It is no accident that James’s preferred metaphor here is of light: God is the Father of lights in that God created light; indeed the creation of light is God’s first creative act. The sun and moon are God’s creation and further specification of light into greater and lesser.
Interestingly even the ancients observed that the sun and moon are subject to the parallax effect; even these great lights in the sky appear different to us depending on our perspective. Similarly the moon is cast in shadow for most of its cycle. But James says with God there is no parallax; there is no shadow. While everything in our earthly experience, even the mighty heavenly bodies, rise and fall, are eclipsed at one time and shine more brightly at another, God’s nature is never to change.
God is the dispenser of unqualifiedly good gifts, and to give good gifts is God’s constant nature. This again is by implied contrast to human gifts. Like difficulties in life that can be either opportunities for maturity or occasions for failure, so too the gifts that humans give can differ according to our perspective. For every humanly bestowed gift also carries its shadow-side. That promotion at work makes for more responsibility and anxiety; the increase of wealth brings complications and further costs; the solution to one dilemma presents yet more problems. Even here, a seemingly good gift is subject to the parallax effect: Looked at another way, a gift is just a new burden.
With one little parallax shift, the good gifts that we enjoy can appear different; they can occasion doubt and questioning. I never should have moved here, the winter is terrible. Why did I take that job anyway? It’s totally unfulfilling and tedious. Why did the boss give me that promotion? I am a failure at it, and now everyone at work can see how inadequate I am.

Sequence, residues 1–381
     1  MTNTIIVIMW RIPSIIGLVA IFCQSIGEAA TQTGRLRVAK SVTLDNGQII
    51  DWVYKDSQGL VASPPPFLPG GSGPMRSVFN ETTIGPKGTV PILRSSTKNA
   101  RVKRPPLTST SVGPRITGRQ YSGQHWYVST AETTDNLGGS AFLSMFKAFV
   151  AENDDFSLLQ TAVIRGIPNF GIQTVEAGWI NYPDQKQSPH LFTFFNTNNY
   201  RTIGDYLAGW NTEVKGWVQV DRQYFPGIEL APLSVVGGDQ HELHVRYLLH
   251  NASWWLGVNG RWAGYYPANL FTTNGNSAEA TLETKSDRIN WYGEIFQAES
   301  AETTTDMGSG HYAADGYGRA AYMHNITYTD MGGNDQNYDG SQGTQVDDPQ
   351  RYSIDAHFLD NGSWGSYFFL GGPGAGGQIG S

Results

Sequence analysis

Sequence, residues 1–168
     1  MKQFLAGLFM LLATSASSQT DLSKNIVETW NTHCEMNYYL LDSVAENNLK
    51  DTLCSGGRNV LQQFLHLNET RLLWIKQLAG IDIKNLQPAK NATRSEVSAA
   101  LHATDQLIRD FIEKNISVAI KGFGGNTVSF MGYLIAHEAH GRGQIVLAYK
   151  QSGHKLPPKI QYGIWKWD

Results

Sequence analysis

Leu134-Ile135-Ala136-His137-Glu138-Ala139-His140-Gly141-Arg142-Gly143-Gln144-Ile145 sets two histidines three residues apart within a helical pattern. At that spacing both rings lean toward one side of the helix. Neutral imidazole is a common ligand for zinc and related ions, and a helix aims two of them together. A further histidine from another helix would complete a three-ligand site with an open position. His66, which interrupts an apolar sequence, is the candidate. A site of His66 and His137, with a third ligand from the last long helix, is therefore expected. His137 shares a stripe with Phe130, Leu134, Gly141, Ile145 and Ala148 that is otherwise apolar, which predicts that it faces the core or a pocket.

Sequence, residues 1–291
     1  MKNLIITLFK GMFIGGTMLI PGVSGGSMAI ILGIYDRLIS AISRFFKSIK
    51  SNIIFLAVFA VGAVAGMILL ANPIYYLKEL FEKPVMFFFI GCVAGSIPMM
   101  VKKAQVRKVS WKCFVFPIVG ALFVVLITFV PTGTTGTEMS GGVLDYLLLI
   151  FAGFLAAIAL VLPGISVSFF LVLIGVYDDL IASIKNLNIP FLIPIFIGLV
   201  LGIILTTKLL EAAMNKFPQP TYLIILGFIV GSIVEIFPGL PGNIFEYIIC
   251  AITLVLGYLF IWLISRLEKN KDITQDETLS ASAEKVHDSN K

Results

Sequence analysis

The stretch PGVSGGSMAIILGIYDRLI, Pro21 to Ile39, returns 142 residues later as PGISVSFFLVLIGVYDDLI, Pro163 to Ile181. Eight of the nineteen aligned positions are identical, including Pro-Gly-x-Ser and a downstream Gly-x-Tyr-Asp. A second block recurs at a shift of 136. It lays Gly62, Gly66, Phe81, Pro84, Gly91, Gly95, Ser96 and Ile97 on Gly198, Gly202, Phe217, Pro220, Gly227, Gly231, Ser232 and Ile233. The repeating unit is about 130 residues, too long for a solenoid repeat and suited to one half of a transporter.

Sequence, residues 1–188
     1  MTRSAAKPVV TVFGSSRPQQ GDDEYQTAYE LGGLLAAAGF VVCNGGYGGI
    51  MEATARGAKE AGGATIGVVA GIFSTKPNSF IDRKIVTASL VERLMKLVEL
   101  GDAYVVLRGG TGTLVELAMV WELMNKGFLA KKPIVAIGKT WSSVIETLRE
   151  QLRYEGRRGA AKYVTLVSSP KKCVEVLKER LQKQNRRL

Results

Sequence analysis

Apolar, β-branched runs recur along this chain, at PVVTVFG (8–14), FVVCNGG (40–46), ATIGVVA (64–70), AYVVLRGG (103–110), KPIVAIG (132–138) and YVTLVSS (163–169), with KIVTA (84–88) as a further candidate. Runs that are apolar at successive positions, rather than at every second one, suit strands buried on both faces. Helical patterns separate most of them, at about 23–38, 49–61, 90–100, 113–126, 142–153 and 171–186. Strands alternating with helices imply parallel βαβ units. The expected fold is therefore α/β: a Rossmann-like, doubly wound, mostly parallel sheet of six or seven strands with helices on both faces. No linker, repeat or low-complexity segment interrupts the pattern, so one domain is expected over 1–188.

It is not so with God. We can expect that everything we genuinely need—not the things we want, but the things we genuinely need—is provided by our father in heaven, who never changes depending on our perspective and never ceases to give gifts that are wholly good.
Chief among these is the gift of nothing less than new birth. And this is why James calls God a father, for by God’s power are we born anew. The pre-eminently good gift that comes from above is the gift of new and unending life; as Jesus told Nicodemus, this is the birth that comes “from above.”
There are three things to notice about the all-important gift of new life: Who it comes from, how it comes about, and what’s the point of it. First, this gift of new birth comes from God; it comes at God’s decision, not ours, just as our natural birth came about with no contribution from us. Our parents act to bring us to birth; we have no power to bring ourselves into existence, nor do we have any power to give ourselves the gift of birth from above.
Second, this new birth comes about by means of the word of truth, the word that was incarnated as Jesus of Nazareth, the word of truth that we read in Scripture, the word that we hear echoed in faithful preaching.
Finally, this new birth is in fulfillment of a purpose, it has a point, and the point is that we who receive new birth may become the first fruits of God’s creation. Now it will help to know that in the Hebrew Scriptures God commanded the people of Israel to present an offering of the new crops as what was called the “first fruits.” The first fruits were to be dedicated especially to God, while the rest of the crop was to be used for ordinary consumption; the first fruits had to be the very best of the crop; and the first fruits were offered as an annual reminder that God continues to provide for all the needs of the people.
This is the character of the new birth as well: We are given the gift of life in expectation that we will not be given over to profane pursuits but will be holy; we will be transformed by the word of God into exemplary people; and our own sanctified lives will be witness to the faithfulness of God to supply every good and perfect gift that we need.